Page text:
Message circulating on Facebook warns that users should delete a Facebook application labelled “Unnamed app” because it is an “internal spybot” that can make Facebook runs more slowly than usual.
The warning is invalid and should be ignored. Although an application titled “Unnamed app” has indeed appeared in the application settings of many Facebook users, it is NOT a spybot. The app is intended to control the use of Facebook boxes and is in no way malicious. There is no need to delete it. In fact, deleting it may cause unintended problems. The app is only visible and deletable due to a bug in the Facebook system.
In late January 2010, this warning began moving rapidly around social networking website, Facebook. The message warns users to find and delete a Facebook application simply titled “Unnamed app” because it is an internal spybot that can cause Facebook to run more slowly than usual. The message includes instructions for finding and deleting the app.
An application very unhelpfully labelled “Unnamed app” has indeed appeared in the application settings dialogue of many Facebook users. However, the app is not a spybot or in any other way malicious and deleting it is unnecessary. Apparently, the app is not normally visible to users but has been displayed in many Facebook profiles due to an unfortunate bug in the Facebook system itself. The app is part of an internal system used to control the content of Facebook Boxes that users may wish to display on their profiles.
A posting about the app on the Facebook Help Center page notes:
It can hold Boxes from any app that supports it (such as Photos, various games, books, etc.) that you don’t want on your main profile page. It’s a system tab and isn’t supposed to be deletable. They must have made it visible accidentally (Facebook bug), and then someone started a rumor to make people delete it, partially breaking their profile.
Sophos Senior Technology Consultant Graham Cluley concurs, noting in a blog posting:
Sure enough, when I went to look on a Facebook account I found an “Unnamed app”:
However, I’m not seeing any evidence that the application is malicious. Indeed, it seems to me that the only sin it may have committed might be to have been given a daft unhelpful name. According to Facebook itself, it appears to be a buggy presentation of the boxes tab that appears on users’ Facebook profiles.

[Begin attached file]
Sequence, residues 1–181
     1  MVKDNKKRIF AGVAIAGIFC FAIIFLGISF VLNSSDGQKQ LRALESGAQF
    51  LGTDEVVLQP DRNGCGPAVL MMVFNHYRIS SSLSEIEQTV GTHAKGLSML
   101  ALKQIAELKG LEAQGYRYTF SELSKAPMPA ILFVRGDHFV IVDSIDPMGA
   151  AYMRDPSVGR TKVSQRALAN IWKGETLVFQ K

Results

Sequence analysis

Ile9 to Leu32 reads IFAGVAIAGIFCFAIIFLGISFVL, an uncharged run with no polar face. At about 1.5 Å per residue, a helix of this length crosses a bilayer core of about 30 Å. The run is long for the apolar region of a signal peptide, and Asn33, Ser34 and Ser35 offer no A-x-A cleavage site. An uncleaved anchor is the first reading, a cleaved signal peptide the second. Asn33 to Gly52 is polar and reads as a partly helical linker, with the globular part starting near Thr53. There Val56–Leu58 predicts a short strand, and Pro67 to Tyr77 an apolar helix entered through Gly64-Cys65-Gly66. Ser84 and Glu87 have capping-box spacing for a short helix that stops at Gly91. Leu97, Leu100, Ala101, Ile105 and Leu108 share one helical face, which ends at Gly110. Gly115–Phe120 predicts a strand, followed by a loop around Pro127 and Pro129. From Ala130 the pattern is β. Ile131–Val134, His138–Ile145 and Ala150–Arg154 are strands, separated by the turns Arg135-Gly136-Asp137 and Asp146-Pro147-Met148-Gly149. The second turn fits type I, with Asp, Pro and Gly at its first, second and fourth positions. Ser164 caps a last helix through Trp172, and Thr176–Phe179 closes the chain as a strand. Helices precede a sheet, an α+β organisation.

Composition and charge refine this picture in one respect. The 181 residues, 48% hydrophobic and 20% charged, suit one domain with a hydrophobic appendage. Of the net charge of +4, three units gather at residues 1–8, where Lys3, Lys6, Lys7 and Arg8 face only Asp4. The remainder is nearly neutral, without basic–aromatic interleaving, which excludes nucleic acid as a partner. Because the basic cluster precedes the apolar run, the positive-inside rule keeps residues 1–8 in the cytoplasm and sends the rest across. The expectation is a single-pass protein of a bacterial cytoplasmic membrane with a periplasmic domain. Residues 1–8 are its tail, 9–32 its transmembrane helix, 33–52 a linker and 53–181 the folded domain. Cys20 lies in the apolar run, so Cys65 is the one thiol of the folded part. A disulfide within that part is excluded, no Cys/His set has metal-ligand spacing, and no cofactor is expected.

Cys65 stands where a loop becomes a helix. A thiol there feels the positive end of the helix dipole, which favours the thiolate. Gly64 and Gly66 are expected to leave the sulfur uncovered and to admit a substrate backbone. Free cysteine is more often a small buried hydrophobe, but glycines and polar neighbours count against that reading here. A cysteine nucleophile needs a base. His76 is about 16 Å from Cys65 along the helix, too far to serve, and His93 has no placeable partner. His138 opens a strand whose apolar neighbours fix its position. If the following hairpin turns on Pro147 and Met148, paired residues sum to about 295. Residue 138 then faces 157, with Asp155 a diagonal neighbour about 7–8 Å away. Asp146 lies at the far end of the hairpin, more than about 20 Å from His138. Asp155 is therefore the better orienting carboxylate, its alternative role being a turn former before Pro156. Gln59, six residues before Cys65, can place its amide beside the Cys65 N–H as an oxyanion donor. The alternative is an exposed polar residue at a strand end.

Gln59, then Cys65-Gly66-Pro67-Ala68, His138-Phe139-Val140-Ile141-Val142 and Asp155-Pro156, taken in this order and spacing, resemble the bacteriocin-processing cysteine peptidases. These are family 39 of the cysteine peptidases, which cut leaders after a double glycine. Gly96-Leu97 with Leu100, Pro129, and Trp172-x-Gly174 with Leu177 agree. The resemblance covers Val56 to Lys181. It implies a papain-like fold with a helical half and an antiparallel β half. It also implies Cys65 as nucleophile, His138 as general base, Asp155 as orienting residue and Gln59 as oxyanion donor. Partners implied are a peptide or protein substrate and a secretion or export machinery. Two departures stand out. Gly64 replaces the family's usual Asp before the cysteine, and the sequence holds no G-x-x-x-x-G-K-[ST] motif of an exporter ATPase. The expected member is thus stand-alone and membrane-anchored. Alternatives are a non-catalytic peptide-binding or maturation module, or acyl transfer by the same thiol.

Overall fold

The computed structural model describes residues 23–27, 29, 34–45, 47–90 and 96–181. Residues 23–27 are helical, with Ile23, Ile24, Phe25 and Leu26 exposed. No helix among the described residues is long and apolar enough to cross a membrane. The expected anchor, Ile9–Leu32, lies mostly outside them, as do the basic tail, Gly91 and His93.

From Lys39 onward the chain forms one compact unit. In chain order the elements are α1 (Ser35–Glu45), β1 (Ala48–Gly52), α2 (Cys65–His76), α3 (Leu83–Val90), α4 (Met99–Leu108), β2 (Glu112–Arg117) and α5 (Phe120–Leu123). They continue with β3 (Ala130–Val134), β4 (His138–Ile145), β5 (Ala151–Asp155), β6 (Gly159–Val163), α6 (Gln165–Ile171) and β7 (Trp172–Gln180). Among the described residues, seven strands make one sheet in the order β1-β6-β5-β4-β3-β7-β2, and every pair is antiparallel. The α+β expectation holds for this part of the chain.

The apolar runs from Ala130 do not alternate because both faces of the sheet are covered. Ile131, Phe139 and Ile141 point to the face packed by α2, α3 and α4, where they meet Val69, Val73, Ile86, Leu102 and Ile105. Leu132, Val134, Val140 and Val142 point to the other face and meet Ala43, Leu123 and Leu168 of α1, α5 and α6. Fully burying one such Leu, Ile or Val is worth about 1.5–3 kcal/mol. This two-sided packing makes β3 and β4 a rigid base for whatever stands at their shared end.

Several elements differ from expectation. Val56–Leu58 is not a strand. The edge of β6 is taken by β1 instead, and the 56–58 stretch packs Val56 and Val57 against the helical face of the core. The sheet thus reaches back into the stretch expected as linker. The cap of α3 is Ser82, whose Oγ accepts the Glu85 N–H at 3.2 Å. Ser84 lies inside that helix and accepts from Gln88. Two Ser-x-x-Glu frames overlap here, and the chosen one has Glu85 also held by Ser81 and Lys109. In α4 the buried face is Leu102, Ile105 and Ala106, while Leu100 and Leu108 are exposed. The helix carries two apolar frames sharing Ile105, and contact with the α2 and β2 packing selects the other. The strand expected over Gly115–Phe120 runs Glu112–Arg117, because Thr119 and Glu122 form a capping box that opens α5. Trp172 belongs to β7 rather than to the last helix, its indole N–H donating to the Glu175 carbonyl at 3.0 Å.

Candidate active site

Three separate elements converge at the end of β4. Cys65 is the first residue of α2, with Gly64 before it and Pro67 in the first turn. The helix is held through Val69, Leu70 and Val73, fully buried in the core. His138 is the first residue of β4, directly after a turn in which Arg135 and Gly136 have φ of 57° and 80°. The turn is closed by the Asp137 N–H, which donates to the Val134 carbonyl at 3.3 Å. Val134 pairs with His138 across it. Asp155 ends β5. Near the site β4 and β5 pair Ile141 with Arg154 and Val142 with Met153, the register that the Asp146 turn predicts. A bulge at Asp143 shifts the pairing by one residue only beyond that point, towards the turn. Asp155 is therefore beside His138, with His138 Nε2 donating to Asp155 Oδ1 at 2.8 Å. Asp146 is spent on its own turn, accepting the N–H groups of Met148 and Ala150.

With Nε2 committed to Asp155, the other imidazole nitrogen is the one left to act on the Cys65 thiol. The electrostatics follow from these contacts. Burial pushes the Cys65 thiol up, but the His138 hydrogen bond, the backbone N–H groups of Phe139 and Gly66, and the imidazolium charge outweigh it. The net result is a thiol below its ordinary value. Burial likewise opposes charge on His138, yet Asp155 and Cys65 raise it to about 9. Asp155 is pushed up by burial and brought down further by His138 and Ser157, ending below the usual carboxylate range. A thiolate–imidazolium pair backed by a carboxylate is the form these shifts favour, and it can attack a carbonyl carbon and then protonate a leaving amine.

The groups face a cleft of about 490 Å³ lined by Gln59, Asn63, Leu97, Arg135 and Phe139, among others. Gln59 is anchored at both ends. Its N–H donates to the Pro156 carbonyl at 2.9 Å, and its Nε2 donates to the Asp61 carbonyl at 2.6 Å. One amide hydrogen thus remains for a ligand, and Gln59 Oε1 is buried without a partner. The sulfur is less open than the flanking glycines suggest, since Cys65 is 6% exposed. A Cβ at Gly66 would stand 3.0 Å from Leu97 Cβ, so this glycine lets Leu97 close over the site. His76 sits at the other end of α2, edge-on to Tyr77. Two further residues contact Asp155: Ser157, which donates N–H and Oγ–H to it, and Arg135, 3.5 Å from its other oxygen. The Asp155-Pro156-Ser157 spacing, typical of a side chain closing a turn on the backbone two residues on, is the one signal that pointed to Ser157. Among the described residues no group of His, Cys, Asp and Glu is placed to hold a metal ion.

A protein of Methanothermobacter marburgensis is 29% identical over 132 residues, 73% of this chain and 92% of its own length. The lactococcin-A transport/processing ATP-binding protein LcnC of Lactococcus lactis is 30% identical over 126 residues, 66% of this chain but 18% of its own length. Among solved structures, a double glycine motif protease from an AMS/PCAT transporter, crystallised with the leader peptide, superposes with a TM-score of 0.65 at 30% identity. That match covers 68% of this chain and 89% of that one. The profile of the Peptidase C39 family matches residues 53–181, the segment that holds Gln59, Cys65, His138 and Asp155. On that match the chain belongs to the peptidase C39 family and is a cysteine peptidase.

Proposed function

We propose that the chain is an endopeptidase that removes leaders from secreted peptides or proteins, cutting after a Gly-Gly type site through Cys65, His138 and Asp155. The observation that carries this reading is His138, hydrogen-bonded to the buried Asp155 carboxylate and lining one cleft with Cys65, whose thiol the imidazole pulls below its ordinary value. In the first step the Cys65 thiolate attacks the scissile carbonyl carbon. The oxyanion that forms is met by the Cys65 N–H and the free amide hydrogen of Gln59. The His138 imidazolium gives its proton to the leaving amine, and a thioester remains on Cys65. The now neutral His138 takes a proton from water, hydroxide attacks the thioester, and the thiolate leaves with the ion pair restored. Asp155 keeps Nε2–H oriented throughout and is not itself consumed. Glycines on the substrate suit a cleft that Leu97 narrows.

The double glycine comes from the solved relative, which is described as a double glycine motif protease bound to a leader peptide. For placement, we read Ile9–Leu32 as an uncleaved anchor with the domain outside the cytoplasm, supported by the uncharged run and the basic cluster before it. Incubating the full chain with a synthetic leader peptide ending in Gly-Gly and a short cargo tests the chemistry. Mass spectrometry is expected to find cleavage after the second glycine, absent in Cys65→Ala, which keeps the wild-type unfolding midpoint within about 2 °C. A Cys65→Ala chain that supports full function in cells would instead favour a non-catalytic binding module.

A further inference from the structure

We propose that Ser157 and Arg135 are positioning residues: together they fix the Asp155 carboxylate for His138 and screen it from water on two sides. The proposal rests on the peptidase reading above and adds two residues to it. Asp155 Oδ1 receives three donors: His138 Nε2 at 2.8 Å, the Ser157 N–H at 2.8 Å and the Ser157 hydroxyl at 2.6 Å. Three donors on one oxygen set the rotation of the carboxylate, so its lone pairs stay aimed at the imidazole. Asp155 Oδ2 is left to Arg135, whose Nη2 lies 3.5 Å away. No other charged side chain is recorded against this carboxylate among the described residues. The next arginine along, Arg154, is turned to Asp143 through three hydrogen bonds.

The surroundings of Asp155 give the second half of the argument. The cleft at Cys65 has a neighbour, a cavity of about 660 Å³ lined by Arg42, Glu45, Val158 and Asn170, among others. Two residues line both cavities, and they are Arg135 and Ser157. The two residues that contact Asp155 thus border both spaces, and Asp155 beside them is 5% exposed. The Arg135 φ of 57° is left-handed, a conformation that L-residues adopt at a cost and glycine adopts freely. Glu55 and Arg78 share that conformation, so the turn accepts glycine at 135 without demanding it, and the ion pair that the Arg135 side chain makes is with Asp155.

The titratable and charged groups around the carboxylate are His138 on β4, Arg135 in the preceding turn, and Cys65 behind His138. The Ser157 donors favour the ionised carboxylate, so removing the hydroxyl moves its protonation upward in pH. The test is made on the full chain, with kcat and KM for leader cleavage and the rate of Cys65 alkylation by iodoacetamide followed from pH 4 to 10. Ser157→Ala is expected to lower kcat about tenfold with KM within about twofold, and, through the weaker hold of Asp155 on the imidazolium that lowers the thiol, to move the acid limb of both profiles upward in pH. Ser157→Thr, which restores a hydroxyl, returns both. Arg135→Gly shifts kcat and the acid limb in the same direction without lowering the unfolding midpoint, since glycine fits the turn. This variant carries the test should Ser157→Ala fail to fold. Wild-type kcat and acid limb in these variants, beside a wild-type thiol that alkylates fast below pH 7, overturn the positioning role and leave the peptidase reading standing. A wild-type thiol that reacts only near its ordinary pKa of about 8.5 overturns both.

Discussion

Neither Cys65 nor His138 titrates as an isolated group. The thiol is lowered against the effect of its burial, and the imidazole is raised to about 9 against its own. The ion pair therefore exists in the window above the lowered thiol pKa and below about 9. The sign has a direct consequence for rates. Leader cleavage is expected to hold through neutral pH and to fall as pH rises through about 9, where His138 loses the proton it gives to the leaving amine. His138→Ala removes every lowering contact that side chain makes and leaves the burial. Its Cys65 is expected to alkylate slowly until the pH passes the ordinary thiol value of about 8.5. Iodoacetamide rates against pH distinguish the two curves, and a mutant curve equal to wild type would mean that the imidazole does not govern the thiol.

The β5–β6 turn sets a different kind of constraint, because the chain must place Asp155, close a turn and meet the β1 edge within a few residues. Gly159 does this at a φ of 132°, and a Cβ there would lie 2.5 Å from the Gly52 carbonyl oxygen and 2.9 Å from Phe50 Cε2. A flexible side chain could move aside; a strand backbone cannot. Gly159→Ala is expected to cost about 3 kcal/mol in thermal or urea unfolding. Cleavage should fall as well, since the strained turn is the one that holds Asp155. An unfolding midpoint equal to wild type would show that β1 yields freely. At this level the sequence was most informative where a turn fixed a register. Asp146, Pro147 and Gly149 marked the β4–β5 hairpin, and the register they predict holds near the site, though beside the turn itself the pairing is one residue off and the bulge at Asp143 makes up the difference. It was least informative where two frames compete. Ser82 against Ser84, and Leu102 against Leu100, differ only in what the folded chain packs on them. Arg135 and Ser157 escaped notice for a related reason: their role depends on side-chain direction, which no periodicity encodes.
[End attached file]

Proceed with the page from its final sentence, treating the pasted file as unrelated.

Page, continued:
And, a post on the Facebook “About” page notes:
Many people have posted about the appearance of an application listed as “Unnamed App” in their Applications Settings. This was a bug, which we now have fixed. It did not damage any accounts.
Thus, the information in the warning message is invalid and should not be acted upon. The app is not malicious and there is no credible evidence to suggest that deleting it will make Facebook run faster. Since the problem has now been rectified, the app should no longer be visible.
Unfortunately, deleting “Unnamed app” may have caused unintended problems for users. In spite of Facebook’s assurance that the bug “did not damage any accounts”, many Facebook users have reported that all of their Boxes have disappeared after deleting the app and they were having problems recovering them.
Moreover, online criminals have used this redundant “Unnamed app” warning to further their own nefarious ends. Hackers and scammers have exploited the situation by stuffing malicious websites with keywords related to the supposed “Unnamed app” security warning. Concerned users who search on the Internet for more information about the supposed threat may inadvertently arrive at bogus websites that contain trojans or other malware.
Although Facebook is an outstanding communication tool it has also become a very powerful vector for the rapid spread of misinformation, half-truths and outright nonsense. If you receive a warning about a possible computer security threat via Facebook or email, it is important that you take a few minutes to verify its claims before taking action, especially if it involves deleting an application or file.
Such hoaxes have caused problems for computer users in the past. Several years ago the infamous Teddy Bear virus hoax tricked many users into deleting a perfectly legitimate system file from their computers. And an even earlier virus hoax fooled users into removing a completely harmless Windows system file named Sulfnbk.exe.